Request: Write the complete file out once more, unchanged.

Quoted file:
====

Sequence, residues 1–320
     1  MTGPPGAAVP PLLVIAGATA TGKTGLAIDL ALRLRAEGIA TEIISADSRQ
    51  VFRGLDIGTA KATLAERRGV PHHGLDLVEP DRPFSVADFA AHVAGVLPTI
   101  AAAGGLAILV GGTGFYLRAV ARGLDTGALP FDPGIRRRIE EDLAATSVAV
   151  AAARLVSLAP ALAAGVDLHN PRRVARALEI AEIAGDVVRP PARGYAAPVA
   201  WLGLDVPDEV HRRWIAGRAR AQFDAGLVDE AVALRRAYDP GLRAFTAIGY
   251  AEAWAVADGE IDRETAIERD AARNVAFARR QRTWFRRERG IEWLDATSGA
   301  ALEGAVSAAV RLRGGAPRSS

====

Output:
Sequence, residues 1–320
     1  MTGPPGAAVP PLLVIAGATA TGKTGLAIDL ALRLRAEGIA TEIISADSRQ
    51  VFRGLDIGTA KATLAERRGV PHHGLDLVEP DRPFSVADFA AHVAGVLPTI
   101  AAAGGLAILV GGTGFYLRAV ARGLDTGALP FDPGIRRRIE EDLAATSVAV
   151  AAARLVSLAP ALAAGVDLHN PRRVARALEI AEIAGDVVRP PARGYAAPVA
   201  WLGLDVPDEV HRRWIAGRAR AQFDAGLVDE AVALRRAYDP GLRAFTAIGY
   251  AEAWAVADGE IDRETAIERD AARNVAFARR QRTWFRRERG IEWLDATSGA
   301  ALEGAVSAAV RLRGGAPRSS